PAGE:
"There are different feelings on either side of the Atlantic about the competitive demands made by sport," explained Professor Callaghan. "The American philosophy has always been much more aggressive and this mainly stemmed from the frontier spirit. I think that the Americans have always seen themselves as pioneering and pushing back the barriers. This made them more competitive for many years, but I think that materialism and big money sponsorship for sport in Europe has whittled away many of the differences."

Professor Callaghan cites the examples of tennis and cricket in England and how the "olde worlde" gentility in the sports has been pushed out, in the main, because of the pressures and incentives brought in by more money. He said that unfortunately "the days of amateurism are almost over now".

Professor Callaghan says he has felt at home working on the USC campus from day one and still gets a buzz from working there.

With ,000 students USC is the largest private university in the US and the fifth-biggest in the land overall (University of Michigan, with 40,000 students is the biggest).

Professor Callaghan said: "American universities like USC are big, on-going, dynamic institutions. They are always innovatively thrusting ahead. I think that universities this side of the Atlantic are, like Americans themselves, never frightened of making mistakes. I think too that there is tremendous academic freedom here and great sense of camaraderie."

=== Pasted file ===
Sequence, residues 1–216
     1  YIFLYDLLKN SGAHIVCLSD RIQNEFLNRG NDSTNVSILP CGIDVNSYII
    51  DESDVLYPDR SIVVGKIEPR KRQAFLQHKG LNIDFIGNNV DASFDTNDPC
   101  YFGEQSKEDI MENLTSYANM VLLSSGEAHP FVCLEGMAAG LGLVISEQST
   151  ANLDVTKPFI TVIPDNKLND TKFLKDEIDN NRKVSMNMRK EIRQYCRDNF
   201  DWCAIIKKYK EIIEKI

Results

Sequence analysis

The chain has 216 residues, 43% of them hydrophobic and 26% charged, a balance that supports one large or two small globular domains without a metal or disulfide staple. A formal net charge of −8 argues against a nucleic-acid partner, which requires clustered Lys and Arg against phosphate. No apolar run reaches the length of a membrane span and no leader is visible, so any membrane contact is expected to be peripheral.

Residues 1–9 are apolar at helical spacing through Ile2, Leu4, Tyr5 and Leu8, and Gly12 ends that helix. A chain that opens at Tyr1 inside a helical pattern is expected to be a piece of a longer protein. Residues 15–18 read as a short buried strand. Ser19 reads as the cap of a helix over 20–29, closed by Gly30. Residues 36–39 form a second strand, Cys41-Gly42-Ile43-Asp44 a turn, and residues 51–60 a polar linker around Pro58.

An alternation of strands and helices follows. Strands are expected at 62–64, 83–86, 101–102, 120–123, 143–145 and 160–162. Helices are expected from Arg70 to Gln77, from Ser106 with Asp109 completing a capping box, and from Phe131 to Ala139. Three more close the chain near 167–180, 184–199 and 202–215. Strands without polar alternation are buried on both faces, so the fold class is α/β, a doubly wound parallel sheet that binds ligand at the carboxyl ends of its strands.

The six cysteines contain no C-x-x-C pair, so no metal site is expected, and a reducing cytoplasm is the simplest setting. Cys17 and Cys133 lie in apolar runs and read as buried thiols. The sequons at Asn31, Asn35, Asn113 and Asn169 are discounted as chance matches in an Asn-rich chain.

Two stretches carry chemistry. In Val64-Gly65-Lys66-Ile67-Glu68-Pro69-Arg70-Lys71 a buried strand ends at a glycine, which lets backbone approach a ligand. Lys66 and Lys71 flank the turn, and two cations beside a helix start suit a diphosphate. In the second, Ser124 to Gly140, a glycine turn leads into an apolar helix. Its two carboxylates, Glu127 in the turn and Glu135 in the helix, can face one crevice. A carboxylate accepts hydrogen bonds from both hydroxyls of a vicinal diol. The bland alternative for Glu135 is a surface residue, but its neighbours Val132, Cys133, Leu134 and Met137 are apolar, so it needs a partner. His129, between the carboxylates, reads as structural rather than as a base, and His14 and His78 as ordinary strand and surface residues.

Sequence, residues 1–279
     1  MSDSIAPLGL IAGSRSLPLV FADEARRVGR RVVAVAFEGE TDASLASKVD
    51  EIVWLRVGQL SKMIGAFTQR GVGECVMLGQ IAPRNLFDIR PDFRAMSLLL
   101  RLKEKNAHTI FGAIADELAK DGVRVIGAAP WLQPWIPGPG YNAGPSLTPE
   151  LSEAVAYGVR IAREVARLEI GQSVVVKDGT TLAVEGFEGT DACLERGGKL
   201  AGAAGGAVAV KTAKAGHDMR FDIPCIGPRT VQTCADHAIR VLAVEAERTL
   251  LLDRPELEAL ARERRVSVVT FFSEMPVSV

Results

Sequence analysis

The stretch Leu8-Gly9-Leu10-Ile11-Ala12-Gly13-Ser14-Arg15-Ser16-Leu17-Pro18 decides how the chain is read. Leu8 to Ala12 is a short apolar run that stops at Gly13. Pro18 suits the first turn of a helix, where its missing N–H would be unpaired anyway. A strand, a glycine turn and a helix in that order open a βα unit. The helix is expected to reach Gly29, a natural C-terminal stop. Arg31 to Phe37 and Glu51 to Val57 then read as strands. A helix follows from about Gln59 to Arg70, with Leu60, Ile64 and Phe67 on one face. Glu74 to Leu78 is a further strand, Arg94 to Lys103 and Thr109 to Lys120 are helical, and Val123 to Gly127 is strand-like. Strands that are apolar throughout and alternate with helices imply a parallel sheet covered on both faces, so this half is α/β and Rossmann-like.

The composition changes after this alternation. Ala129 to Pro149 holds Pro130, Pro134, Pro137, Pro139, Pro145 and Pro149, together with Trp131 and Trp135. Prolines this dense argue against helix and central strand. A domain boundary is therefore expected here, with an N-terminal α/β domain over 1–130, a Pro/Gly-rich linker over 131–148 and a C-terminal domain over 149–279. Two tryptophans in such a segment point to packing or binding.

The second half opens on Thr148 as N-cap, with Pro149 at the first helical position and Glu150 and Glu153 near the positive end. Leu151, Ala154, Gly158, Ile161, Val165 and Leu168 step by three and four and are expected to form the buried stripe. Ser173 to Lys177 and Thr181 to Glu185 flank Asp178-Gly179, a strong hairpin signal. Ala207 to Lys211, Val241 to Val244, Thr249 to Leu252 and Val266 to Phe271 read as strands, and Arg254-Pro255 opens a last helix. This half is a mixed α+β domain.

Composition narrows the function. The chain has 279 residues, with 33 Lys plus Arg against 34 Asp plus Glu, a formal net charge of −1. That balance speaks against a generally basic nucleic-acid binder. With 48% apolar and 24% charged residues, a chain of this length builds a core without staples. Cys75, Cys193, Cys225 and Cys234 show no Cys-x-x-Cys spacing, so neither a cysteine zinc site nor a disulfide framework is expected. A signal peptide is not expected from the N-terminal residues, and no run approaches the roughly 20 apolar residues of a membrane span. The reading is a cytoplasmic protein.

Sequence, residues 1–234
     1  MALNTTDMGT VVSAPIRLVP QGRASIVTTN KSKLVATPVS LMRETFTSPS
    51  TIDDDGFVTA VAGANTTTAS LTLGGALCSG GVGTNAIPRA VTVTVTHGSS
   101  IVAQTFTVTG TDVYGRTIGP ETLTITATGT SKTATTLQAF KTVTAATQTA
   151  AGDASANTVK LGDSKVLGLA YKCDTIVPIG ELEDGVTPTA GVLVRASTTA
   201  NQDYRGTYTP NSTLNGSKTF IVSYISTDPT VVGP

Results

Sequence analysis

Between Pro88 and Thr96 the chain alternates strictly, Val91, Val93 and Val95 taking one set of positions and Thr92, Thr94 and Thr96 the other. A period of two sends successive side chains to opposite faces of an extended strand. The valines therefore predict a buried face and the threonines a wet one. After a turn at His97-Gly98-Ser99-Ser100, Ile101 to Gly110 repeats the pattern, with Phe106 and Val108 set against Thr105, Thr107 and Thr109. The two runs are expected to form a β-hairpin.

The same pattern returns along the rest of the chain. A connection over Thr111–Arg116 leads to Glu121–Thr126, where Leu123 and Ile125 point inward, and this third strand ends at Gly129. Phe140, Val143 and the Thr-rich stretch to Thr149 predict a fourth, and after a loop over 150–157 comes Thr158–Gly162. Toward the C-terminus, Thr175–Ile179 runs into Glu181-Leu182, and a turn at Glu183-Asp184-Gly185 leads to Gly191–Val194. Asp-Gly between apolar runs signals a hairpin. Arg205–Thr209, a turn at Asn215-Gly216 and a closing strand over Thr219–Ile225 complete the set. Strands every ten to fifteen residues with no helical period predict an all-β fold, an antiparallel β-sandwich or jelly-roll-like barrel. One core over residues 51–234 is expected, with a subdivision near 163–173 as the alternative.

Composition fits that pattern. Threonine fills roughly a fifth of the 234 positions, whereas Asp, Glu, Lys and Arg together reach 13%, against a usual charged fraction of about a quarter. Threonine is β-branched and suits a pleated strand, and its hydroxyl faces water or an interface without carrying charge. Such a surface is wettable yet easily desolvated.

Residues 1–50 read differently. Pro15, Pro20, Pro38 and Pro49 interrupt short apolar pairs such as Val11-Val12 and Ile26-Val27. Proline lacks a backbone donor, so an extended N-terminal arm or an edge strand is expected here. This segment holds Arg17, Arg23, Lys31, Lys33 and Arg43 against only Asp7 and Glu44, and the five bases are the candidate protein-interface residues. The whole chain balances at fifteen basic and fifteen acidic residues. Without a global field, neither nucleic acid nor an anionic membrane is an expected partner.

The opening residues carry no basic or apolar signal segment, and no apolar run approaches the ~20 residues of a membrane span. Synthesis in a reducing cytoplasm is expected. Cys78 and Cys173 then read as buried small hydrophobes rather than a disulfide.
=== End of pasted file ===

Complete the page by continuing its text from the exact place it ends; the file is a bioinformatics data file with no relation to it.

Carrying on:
Professor Callaghan is very proud of the university's place in the local - mostly ghetto - communities.

"We do a lot for the local under-privileged communities and run camps for the neighbourhood youngsters every summer on the campus and our students do a lot of voluntary work in the ghettoes.

"I think because of this the local community has a lot of respect for the campus, despite it looking like an oasis of green opulence against poor surrounding districts."

Professor Callaghan said the respect was never more evident than during the Rodney King riots when businesses around the campus were burnt down but, despite being at the mercy of the rioters, the USC campus was left alone.

"We are an integral part of the community and even the rioters appreciated that," he said.